MAIN RESULTS: This review includes 172 studies (189,707 participants); 149 studies (160,267 participants) were included in meta-analyses. One hundred forty-six studies were based in high-income countries. The main setting for intervention delivery was schools (111 studies), followed by the community (15 studies), the home (eight studies) and a clinical setting (seven studies); one intervention was conducted by telehealth and 31 studies were conducted in more than one setting. Eighty-six interventions were implemented for less than nine months; the shortest was conducted over one visit and the longest over four years. Non-industry funding was declared by 132 studies; 24 studies were funded in part or wholly by industry. Dietary interventions versus control Dietary interventions, compared with control, may have little to no effect on BMI at short-term follow-up (mean difference (MD) 0, 95% confidence interval (CI) -0.10 to 0.10; 5 studies, 2107 participants; low-certainty evidence) and at medium-term follow-up (MD -0.01, 95% CI -0.15 to 0.12; 9 studies, 6815 participants; low-certainty evidence) or zBMI at long-term follow-up (MD -0.05, 95% CI -0.10 to 0.01; 7 studies, 5285 participants; low-certainty evidence). Dietary interventions, compared with control, probably have little to no effect on BMI at long-term follow-up (MD -0.17, 95% CI -0.48 to 0.13; 2 studies, 945 participants; moderate-certainty evidence) and zBMI at short- or medium-term follow-up (MD -0.06, 95% CI -0.13 to 0.01; 8 studies, 3695 participants; MD -0.04, 95% CI -0.10 to 0.02; 9 studies, 7048 participants; moderate-certainty evidence). Five studies (1913 participants; very low-certainty evidence) reported data on serious adverse events: one reported serious adverse events (e.g. allergy, behavioural problems and abdominal discomfort) that may have occurred as a result of the intervention; four reported no effect. Activity interventions versus control Activity interventions, compared with control, may have little to no effect on BMI and zBMI at short-term or long-term follow-up (BMI short-term: MD -0.02, 95% CI -0.17 to 0.13; 14 studies, 4069 participants; zBMI short-term: MD -0.02, 95% CI -0.07 to 0.02; 6 studies, 3580 participants; low-certainty evidence; BMI long-term: MD -0.07, 95% CI -0.24 to 0.10; 8 studies, 8302 participants; zBMI long-term: MD -0.02, 95% CI -0.09 to 0.04; 6 studies, 6940 participants; low-certainty evidence). Activity interventions likely result in a slight reduction of BMI and zBMI at medium-term follow-up (BMI: MD -0.11, 95% CI -0.18 to -0.05; 16 studies, 21,286 participants; zBMI: MD -0.05, 95% CI -0.09 to -0.02; 13 studies, 20,600 participants; moderate-certainty evidence). Eleven studies (21,278 participants; low-certainty evidence) reported data on serious adverse events; one study reported two minor ankle sprains and one study reported the incident rate of adverse events (e.g. musculoskeletal injuries) that may have occurred as a result of the intervention; nine studies reported no effect. Dietary and activity interventions versus control Dietary and activity interventions, compared with control, may result in a slight reduction in BMI and zBMI at short-term follow-up (BMI: MD -0.11, 95% CI -0.21 to -0.01; 27 studies, 16,066 participants; zBMI: MD -0.03, 95% CI -0.06 to 0.00; 26 studies, 12,784 participants; low-certainty evidence) and likely result in a reduction of BMI and zBMI at medium-term follow-up (BMI: MD -0.11, 95% CI -0.21 to 0.00; 21 studies, 17,547 participants; zBMI: MD -0.05, 95% CI -0.07 to -0.02; 24 studies, 20,998 participants; moderate-certainty evidence). Dietary and activity interventions compared with control may result in little to no difference in BMI and zBMI at long-term follow-up (BMI: MD 0.03, 95% CI -0.11 to 0.16; 16 studies, 22,098 participants; zBMI: MD -0.02, 95% CI -0.06 to 0.01; 22 studies, 23,594 participants; low-certainty evidence). Nineteen studies (27,882 participants; low-certainty evidence) reported data on serious adverse events: four studies reported occurrence of serious adverse events (e.g. injuries, low levels of extreme dieting behaviour); 15 studies reported no effect. Heterogeneity was apparent in the results for all outcomes at the three follow-up times, which could not be explained by the main setting of the interventions (school, home, school and home, other), country income status (high-income versus non-high-income), participants' socioeconomic status (low versus mixed) and duration of the intervention. Most studies excluded children with a mental or physical disability.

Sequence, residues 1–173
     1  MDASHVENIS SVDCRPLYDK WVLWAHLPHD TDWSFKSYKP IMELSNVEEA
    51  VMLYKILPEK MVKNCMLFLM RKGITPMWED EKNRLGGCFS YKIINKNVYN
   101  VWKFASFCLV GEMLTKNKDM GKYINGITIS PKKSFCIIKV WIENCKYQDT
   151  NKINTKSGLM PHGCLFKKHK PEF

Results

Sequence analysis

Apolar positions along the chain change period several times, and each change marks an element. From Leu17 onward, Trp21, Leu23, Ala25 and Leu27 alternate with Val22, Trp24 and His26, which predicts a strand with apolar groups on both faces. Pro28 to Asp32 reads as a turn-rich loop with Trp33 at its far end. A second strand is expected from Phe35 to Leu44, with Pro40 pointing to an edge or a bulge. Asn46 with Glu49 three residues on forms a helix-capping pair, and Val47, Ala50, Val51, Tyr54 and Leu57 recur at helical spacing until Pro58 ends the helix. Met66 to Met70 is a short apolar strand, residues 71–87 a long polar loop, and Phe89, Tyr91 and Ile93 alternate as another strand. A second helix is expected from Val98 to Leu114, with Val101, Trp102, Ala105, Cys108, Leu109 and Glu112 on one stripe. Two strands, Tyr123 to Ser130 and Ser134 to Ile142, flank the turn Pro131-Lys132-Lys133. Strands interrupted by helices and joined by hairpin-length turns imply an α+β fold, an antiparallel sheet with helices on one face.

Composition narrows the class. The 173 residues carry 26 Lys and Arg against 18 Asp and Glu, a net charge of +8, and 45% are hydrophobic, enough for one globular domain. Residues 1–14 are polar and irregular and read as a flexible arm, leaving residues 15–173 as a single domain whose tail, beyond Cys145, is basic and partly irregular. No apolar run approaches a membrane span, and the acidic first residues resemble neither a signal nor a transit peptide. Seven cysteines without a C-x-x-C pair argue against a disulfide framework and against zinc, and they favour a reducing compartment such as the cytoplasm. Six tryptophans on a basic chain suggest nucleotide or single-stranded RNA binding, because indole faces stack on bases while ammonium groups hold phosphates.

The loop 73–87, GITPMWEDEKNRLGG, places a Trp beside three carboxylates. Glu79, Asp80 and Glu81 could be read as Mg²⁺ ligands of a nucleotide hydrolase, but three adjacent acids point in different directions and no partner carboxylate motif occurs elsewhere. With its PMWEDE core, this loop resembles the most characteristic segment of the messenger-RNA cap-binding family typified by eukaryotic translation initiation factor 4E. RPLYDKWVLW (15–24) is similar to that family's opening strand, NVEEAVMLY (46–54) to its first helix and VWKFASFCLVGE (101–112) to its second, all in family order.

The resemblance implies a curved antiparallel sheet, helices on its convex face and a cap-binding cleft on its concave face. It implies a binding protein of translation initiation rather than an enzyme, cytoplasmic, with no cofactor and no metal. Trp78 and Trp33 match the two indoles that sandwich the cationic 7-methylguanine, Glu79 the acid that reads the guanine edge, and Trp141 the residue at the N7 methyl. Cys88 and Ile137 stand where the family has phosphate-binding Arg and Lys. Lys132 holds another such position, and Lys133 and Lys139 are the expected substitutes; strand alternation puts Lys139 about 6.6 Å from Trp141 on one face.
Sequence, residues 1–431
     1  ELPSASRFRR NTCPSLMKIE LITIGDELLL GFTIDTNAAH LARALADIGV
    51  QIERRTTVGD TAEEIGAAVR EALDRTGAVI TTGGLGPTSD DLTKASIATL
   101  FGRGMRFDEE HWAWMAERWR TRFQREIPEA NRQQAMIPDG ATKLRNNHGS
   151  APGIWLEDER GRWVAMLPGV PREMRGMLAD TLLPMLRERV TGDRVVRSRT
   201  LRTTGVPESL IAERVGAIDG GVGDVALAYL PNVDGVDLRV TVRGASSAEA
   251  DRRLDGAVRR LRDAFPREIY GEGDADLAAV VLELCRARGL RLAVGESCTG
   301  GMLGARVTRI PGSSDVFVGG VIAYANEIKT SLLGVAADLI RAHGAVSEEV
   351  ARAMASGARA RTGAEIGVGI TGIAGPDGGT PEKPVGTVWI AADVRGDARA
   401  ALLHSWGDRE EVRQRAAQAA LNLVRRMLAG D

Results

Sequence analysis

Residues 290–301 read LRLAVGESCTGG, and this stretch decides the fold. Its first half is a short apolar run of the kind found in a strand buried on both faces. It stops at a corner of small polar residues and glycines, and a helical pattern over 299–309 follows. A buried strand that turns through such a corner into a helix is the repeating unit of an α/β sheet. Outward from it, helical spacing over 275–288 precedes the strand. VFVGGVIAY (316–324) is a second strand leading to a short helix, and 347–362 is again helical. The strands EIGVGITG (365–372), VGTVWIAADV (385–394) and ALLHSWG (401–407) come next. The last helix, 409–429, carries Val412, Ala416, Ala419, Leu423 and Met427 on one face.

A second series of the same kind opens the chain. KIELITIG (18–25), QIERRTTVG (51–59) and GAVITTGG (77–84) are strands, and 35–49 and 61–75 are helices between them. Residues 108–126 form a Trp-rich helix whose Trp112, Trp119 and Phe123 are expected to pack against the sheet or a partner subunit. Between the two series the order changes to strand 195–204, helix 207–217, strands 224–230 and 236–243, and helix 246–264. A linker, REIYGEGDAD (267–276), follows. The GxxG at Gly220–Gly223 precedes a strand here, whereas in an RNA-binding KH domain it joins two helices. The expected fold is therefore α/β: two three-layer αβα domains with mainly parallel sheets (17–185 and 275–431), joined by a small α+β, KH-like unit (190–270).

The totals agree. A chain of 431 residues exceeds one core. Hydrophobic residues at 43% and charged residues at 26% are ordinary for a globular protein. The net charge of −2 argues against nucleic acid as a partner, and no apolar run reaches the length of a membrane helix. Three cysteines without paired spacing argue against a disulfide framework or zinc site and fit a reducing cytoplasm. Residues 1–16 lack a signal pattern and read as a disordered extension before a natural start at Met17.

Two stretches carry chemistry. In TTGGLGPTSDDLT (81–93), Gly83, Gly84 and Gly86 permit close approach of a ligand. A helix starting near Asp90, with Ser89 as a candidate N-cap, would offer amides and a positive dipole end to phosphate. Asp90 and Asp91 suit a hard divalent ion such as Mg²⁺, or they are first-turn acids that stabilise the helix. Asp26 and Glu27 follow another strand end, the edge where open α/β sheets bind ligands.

AUTHORS' CONCLUSIONS: The body of evidence in this review demonstrates that a range of school-based 'activity' interventions, alone or in combination with dietary interventions, may have a modest beneficial effect on obesity in childhood at short- and medium-term, but not at long-term follow-up. Dietary interventions alone may result in little to no difference. Limited evidence of low quality was identified on the effect of dietary and/or activity interventions on severe adverse events and health inequalities; exploratory analyses of these data suggest no meaningful impact. We identified a dearth of evidence for home and community-based settings (e.g. delivered through local youth groups), for children living with disabilities and indicators of health inequities.